Let’s not waste money on a new hall. It is relatively unimportant compared to building the orchestra’s endowment. I hardly believe that it is worth your starting a discussion about whether Orchestra Hall keeps you away from hearing the orchestra. Before you ever arrived here, all the discussion was already had, brother.

    Besides, in its current guise the hall is a very good recording hall.

    I loved Solti by the way. Orchestra never sounded better with the brass sound bombing off the back plaster wall. He is sorely missed and you’ll make enemies if you persist in calling our remembrance “tragic.”

    Hudson, I think you may have inadvertently misinterpreted how the term “tragic” was being applied. I wasn’t referring to Solti’s remembrance as a tragic event, rather, his passing was a tragic event. Meaning the event contained elements of tragedy: i.e. involving death and grief. As such, your assessment that he is sorely missed is precisely the point being made. I hope that clarifies the point.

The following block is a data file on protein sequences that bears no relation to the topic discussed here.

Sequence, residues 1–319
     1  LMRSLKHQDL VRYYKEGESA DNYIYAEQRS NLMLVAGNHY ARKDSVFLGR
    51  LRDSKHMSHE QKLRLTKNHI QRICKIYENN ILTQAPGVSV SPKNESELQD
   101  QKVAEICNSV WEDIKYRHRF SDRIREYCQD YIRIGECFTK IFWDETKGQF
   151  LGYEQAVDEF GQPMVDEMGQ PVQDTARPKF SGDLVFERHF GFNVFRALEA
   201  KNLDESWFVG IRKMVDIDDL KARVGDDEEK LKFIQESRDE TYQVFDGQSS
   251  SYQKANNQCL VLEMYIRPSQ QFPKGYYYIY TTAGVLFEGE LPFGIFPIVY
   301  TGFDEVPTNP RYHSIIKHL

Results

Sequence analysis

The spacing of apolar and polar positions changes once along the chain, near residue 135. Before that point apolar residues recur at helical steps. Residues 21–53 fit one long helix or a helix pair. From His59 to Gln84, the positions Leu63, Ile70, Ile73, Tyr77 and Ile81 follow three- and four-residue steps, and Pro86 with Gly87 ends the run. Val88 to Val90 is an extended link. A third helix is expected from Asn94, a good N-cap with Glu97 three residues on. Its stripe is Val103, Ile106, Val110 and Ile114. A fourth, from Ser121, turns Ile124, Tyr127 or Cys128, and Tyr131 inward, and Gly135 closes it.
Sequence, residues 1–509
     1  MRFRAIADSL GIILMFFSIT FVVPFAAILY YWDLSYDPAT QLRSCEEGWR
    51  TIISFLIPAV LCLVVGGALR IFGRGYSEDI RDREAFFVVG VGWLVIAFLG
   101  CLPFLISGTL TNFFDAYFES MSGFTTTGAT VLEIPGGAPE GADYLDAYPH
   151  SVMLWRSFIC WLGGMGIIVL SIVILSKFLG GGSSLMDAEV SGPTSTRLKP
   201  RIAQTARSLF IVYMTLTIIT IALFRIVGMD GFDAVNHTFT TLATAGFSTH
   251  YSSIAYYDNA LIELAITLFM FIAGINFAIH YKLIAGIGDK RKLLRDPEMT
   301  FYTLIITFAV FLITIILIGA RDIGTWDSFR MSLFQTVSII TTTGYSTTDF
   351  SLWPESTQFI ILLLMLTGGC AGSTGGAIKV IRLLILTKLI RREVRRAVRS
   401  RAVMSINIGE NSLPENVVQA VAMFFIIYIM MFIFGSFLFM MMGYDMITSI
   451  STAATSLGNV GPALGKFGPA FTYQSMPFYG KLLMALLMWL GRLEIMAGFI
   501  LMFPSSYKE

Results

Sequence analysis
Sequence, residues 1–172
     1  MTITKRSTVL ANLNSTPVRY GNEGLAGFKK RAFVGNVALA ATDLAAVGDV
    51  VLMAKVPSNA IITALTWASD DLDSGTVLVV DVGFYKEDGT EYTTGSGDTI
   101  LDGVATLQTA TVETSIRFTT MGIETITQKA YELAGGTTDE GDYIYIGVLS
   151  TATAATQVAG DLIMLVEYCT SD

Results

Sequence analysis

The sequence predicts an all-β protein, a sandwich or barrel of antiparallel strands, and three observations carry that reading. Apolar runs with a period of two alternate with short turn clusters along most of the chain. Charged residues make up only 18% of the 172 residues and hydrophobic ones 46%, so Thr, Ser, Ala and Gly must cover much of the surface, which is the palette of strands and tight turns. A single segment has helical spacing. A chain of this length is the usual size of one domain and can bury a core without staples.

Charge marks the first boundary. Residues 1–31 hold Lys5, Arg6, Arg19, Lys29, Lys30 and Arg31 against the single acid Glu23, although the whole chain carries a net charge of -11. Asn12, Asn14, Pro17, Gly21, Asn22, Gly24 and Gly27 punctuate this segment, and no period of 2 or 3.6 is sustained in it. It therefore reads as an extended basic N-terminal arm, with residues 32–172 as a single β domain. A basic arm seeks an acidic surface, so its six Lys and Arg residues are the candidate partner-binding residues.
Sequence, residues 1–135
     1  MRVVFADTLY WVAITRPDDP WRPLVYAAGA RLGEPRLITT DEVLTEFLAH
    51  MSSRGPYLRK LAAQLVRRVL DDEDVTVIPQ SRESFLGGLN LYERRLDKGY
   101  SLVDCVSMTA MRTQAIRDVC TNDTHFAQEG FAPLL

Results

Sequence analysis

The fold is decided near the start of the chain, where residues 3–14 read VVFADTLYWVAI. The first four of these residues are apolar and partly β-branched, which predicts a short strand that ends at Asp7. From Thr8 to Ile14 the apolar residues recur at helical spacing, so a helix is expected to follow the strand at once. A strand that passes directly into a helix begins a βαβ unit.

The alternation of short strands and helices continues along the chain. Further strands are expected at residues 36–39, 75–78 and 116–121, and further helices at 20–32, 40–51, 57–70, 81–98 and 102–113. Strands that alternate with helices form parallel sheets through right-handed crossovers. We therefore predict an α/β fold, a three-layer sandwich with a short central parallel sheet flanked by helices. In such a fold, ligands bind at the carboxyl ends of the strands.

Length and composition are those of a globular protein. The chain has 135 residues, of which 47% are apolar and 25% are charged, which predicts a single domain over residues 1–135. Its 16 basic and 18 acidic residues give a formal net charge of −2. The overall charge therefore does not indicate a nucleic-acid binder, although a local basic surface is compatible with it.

Regarding the value of an endowment over a new hall, I suppose it depends on whether or not those events are mutually exclusive. Personally, I don’t see them that way. A thorough brick and motor style capital campaign must contain an operating endowment component in order to be sincerely successful in the long run so in that since I think we place the same value on the need to boost the organization’s endowment. ~ Drew McManus

  3. Certainly not a new idea, but one that is commonly held. Perhaps you’ve heard the story of six sticks of dynamite?


    Thank you so much for pointing that Louis Sullivan story. For the life of me I couldn’t rememebr the exact quote when I was writing the article although I wanted to include it. Consequently, I just left it out but I am so glad to see someone mention it! ~ Drew McManus

Leave a Comment